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Sacrifice of Body and Mind. 1* I urge you therefore, brothers, by the mercies of God, to offer your bodies as a living sacrifice, holy and pleasing to God, your spiritual worship.a 2Do not conform yourselves to this age but be transformed by the renewal of your mind, that you may discern what is the will of God, what is good and pleasing and perfect.b
Many Parts in One Body. 3c For by the grace given to me I tell everyone among you not to think of himself more highly than one ought to think, but to think soberly, each according to the measure of faith that God has apportioned. 4d For as in one body we have many parts, and all the parts do not have the same function, 5so we, though many, are one body in Christ* and individually parts of one another. 6e Since we have gifts that differ according to the grace given to us, let us exercise them:* if prophecy, in proportion to the faith; 7if ministry, in ministering; if one is a teacher, in teaching; 8if one exhorts, in exhortation; if one contributes, in generosity; if one is over others,* with diligence; if one does acts of mercy, with cheerfulness.
Mutual Love. 9Let love be sincere; hate what is evil, hold on to what is good;f 10love one another with mutual affection; anticipate one another in showing honor.g 11Do not grow slack in zeal, be fervent in spirit, serve the Lord.h 12Rejoice in hope, endure in affliction, persevere in prayer.i 13Contribute to the needs of the holy ones,j exercise hospitality. 14* Bless those who persecute [you],k bless and do not curse them.l 15Rejoice with those who rejoice, weep with those who weep.m 16Have the same regard for one another; do not be haughty but associate with the lowly; do not be wise in your own estimation.n 17Do not repay anyone evil for evil; be concerned for what is noble in the sight of all.o 18If possible, on your part, live at peace with all.p 19Beloved, do not look for revenge but leave room for the wrath; for it is written, “Vengeance is mine, I will repay, says the Lord.”q 20Rather, “if your enemy is hungry, feed him; if he is thirsty, give him something to drink; for by so doing you will heap burning coals upon his head.”r 21Do not be conquered by evil but conquer evil with good.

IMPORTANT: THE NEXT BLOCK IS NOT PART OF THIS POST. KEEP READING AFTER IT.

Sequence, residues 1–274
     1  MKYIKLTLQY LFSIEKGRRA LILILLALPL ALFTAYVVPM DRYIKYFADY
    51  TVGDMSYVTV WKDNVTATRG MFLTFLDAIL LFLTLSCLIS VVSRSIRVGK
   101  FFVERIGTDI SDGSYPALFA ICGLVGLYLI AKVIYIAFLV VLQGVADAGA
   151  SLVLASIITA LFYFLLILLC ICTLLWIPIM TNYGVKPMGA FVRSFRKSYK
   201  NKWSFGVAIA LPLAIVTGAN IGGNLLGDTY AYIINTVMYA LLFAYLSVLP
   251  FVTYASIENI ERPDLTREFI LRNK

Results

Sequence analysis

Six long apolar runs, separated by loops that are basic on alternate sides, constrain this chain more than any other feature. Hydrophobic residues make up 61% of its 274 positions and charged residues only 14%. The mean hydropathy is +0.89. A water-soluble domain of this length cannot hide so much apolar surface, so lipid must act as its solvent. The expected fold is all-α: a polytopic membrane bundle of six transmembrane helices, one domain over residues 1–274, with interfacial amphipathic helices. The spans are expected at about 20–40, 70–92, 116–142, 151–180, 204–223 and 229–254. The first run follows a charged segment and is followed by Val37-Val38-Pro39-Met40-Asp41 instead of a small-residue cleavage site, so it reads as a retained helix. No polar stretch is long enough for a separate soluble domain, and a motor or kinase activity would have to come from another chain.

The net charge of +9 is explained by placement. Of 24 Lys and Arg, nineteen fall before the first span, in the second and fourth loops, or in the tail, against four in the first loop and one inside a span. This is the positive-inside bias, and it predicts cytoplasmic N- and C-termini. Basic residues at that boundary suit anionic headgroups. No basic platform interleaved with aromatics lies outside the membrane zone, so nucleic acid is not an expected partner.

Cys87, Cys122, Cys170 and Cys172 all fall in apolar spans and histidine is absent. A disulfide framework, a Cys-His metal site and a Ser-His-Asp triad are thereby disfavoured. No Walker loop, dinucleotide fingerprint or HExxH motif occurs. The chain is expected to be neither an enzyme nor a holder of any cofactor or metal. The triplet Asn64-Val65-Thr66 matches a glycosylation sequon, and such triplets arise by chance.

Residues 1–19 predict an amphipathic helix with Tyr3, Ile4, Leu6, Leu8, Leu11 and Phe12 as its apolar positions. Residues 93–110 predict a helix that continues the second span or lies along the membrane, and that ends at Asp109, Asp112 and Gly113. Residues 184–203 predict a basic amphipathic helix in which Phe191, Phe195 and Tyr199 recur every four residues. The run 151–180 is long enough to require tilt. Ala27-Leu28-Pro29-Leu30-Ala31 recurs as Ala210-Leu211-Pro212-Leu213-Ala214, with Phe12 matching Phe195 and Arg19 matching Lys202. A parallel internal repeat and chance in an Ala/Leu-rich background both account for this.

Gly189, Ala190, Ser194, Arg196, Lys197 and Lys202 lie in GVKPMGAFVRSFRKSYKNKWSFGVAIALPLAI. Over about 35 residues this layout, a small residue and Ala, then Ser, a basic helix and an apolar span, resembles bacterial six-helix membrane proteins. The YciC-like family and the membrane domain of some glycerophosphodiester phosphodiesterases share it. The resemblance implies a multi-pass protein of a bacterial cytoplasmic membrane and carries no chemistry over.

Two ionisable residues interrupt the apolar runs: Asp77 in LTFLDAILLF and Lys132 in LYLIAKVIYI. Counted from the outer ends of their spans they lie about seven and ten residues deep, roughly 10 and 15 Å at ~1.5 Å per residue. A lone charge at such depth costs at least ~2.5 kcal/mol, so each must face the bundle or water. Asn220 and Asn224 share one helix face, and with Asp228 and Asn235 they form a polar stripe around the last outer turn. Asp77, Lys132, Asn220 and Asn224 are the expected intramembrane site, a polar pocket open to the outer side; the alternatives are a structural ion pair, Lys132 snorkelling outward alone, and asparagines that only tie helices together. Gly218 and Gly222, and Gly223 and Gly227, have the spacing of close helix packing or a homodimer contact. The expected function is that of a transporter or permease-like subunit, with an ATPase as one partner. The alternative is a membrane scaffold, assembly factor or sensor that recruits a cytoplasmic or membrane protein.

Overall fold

* [12:1–13:14] Since Christ marks the termination of the Mosaic law as the primary source of guidance for God’s people (Rom 10:4), the apostle explains how Christians can function, in the light of the gift of justification through faith, in their relation to one another and the state.
* [12:1–8] The Mosaic code included elaborate directions on sacrifices and other cultic observances. The gospel, however, invites believers to present their bodies as a living sacrifice (Rom 12:1). Instead of being limited by specific legal maxims, Christians are liberated for the exercise of good judgment as they are confronted with the many and varied decisions required in the course of daily life. To assist them, God distributes a variety of gifts to the fellowship of believers, including those of prophecy, teaching, and exhortation (Rom 12:6–8). Prophets assist the community to understand the will of God as it applies to the present situation (Rom 12:6). Teachers help people to understand themselves and their responsibilities in relation to others (Rom 12:7). One who exhorts offers encouragement to the community to exercise their faith in the performance of all that is pleasing to God (Rom 12:8). Indeed, this very section, beginning with Rom 12:1, is a specimen of Paul’s own style of exhortation.
* [12:6] Everyone has some gift that can be used for the benefit of the community. When the instruction on justification through faith is correctly grasped, the possessor of a gift will understand that it is not an instrument of self-aggrandizement. Possession of a gift is not an index to quality of faith. Rather, the gift is a challenge to faithful use.
* [12:8] Over others: usually taken to mean “rule over” but possibly “serve as a patron.” Wealthier members in Greco-Roman communities were frequently asked to assist in public service projects. In view of the references to contributing in generosity and to acts of mercy, Paul may have in mind people like Phoebe (Rom 16:1–2), who is called a benefactor (or “patron”) because of the services she rendered to many Christians, including Paul.
* [12:14–21] Since God has justified the believers, it is not necessary for them to take justice into their own hands by taking vengeance. God will ultimately deal justly with all, including those who inflict injury on the believers. This question of personal rights as a matter of justice prepares the way for more detailed consideration of the state as adjudicator.
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